Baryon number violation, one of the requirements for baryon asymmetry, only occurs at any significant rate in the Standard Model at high temperatures, much higher than are known to exist in the universe.
We know experimentally that any other processes that violate baryon number must be quite rare and/or occur only in extreme conditions, since we have not yet observed any.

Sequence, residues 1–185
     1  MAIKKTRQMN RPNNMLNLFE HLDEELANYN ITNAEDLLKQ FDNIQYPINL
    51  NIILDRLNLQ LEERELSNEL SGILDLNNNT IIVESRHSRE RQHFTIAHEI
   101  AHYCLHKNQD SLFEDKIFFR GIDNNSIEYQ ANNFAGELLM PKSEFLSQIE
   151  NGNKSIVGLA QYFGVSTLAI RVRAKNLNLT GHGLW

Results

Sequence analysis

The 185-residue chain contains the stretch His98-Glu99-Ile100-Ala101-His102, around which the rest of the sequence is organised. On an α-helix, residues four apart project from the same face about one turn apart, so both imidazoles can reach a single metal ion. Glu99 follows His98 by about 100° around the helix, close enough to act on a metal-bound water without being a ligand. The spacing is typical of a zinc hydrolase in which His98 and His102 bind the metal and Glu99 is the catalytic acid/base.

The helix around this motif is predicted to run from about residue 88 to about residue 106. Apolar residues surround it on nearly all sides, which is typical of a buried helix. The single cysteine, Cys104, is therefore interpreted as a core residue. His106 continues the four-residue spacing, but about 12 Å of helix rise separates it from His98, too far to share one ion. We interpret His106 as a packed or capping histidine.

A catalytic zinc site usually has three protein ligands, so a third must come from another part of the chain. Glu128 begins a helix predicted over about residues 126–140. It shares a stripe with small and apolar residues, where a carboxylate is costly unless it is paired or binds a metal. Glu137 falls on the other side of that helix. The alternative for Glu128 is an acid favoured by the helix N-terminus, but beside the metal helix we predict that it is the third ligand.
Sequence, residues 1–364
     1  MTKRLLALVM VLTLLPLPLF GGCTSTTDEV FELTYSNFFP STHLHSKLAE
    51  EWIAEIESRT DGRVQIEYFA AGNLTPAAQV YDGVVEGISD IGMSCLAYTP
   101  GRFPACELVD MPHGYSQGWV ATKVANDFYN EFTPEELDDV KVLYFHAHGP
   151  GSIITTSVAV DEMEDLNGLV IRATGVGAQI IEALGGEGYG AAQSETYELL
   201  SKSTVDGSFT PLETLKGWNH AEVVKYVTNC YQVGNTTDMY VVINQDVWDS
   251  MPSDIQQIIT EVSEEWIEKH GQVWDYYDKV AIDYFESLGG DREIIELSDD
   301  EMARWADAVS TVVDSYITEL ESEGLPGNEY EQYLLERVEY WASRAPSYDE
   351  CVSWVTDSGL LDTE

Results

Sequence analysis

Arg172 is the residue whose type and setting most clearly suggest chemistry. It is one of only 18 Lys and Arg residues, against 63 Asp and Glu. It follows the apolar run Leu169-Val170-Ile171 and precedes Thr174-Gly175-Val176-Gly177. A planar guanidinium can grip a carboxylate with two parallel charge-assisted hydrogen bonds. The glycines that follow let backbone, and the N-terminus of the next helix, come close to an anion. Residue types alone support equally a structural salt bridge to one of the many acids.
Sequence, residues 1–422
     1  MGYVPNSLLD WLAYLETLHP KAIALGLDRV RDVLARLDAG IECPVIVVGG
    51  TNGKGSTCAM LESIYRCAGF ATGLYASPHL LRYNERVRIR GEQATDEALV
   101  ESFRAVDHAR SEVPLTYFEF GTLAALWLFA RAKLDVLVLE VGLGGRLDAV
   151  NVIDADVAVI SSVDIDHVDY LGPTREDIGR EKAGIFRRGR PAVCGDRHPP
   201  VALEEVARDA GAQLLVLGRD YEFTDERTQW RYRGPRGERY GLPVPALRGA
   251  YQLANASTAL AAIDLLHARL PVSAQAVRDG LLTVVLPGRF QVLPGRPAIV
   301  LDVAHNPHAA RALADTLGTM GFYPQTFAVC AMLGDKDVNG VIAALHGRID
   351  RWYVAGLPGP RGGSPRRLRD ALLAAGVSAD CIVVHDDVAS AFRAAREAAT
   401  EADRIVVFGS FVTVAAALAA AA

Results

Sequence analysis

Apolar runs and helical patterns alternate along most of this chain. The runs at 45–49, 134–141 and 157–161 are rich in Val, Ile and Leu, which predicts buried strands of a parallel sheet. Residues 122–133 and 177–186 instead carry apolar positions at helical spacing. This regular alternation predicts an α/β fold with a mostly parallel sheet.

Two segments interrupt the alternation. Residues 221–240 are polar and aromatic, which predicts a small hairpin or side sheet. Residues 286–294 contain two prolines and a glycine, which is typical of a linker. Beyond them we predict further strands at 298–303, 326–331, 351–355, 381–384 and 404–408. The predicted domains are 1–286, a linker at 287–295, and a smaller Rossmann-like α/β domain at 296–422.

Theoretically, black holes violate baryon number conservation. Black holes don't have a baryon number, and so when a baryon falls into a black hole, its baryon number is lost. If you consider a neutron star collapsing into a black hole and what happens afterwards, its pretty easy to convince yourself that baryon number can't possibly be conserved.